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FEDERAL RESERVE

Correspondence
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Chairman Eccles
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Subject .'.Attached memorandum on construction
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thfink you will be interested in reading the attached
memorandum, which was given to me by one of the men at FHIU If it
accurately reflects a general situation, then it would indicate
that the increasing volume of private building is making contractors
indifferent to opportunities to bid on government contracts and
making the cost of governmental red-tape pretty high in relation
to private building costs*




RE: Cost Checking on PWA Projects
A Mr. Smith, assistant to Mr* Charles Meyett, Chief of Construction Costs, PWA, interviewed me yesterday regarding costs of
various commodities entering into their projects*
It appears that over a period of about a year cubic foot
prices, including builder's profit on competitive bidding, indicated an
advance from forty-one cents a cubic foot to the most recent letting the
Jane Adams Project in Chicago to fifty-eight cents per cubic foot. These
prices are based on the PWA layouts and specifications and are two and
three story, fireproof, walk-up type.
Mr. Smith had a chart with breakdowns by trades, rooms and apartments. Some of these charges seemed entirely out of line. In the brick
masonry item their cost of $52.00 per M laid as against our cost in
New York area of $35.00 to $35.00 per M laid.
They seem to be entirely concerned regarding the great advance
in the pipe trades which over this period of time advanced well over 5O$6
on an average.
About a year ago they found that a heating system consisting
of two pipe steam iracuum, exposed radiation, central plant, oil burners
and mechanical stokers ftom the Steamfitterfs Contract cost $1.50 per
square foot of radiation* Our comparative then was $1.50 per square foot.
Since that time, and on the letting of some six or seven projects, these prices have advanced in stages of 15$ to ZOff> over the previous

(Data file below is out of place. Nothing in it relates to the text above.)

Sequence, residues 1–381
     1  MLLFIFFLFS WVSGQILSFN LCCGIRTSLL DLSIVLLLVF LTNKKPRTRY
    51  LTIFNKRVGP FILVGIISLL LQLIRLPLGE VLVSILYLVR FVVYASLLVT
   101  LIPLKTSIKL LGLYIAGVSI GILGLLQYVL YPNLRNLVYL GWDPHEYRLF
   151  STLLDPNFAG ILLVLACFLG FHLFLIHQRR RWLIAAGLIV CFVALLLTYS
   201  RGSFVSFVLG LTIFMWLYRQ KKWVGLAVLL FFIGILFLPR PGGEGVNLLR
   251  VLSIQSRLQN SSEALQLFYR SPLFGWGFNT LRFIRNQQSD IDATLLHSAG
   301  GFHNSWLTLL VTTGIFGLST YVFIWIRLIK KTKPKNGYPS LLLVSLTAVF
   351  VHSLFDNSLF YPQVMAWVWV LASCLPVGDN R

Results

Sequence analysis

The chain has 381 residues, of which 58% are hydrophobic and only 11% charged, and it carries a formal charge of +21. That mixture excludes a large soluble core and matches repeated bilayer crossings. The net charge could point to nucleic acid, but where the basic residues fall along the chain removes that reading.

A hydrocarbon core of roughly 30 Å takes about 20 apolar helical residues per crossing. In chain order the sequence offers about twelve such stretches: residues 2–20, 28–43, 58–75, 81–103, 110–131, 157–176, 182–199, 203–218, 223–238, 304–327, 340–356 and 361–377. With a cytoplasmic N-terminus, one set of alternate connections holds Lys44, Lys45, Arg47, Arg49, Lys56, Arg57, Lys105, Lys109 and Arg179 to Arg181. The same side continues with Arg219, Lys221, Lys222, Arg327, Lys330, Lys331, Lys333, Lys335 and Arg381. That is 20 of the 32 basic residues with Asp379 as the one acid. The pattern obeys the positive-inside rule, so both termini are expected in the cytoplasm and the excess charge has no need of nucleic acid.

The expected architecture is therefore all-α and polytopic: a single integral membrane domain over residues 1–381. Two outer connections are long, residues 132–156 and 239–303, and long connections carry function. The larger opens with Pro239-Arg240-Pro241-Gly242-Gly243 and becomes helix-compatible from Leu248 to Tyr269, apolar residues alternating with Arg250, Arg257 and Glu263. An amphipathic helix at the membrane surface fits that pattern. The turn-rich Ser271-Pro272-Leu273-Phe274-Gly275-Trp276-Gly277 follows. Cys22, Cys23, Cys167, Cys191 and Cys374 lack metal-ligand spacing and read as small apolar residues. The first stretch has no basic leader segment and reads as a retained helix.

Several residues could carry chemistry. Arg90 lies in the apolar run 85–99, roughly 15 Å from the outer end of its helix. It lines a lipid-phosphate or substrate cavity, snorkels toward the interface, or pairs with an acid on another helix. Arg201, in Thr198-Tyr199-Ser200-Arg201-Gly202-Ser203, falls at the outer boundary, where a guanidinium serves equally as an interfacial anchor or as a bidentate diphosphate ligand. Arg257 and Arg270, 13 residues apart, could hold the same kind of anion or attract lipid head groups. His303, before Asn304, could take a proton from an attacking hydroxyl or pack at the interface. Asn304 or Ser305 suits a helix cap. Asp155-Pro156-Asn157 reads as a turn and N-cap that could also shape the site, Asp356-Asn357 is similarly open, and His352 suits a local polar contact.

figures until the last letting llThe Jane Adams Project" shows a cost on
the above heating system of $2.80 per square foot of radiation. Our
maximum in New lork market is $1.80 per square foot of radiation.
The same condition reflects on the plumbing contract which reflects an addition of $15.00 to $20.00 per fixture, or about $90.00 per
fixture set. Our present day cost per fixture in the New York area
averages |70.00 per fixture set.
The electrical work reflects a $15.00 to $16.00 charge per
conduit outlet against our present New York value of $7.00 to $7.50 per
outlet.
In discussing this subject I gave Mr. Smith some unit prices
on heating and plumbing cubic contents and cubic foot costs of several
recently estimated projects, and have received a telephone call from him
stating that he has plotted this information on a chart and finds our




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figures are very consistent and reflect a high degree of accuracy in
the takeoff. I have asked him for a copy of this chart , also a copy
of his breakdown on their projects which he will give me on his next
visit, which will be in a day or two*
My reaction to the condition at which FWA is genuinely
alarmed is as follows:
1* Too rigid a specification*
Z. Too severe and arbitrary attitude to inspection and
the lack of consideration of the type of structure under contract*
3* The large amount of red tape and requirements that
the contractor must put up with, and naturally will add to the bid cost
to cover these items*
These items I feel sure are the main cause of the following
conditions which Mr* Smith discussed:
On the first project they had any number of contractors
anxious to bid* A year ago they had an average of ten bidders* During
the year it has been reduced to only four contractors, each of whom was
personally invited and interviewed, all saying they did not want any more
PWA jobs, but each was prevailed upon to submit a figure. This may be
the cause of the last job being let at fifty-eight cents per cubic foot*
A recent job of FIA located in the South was advertised for
bids over a six-weeks period and on the opening day no bid was received*




Cost Engineer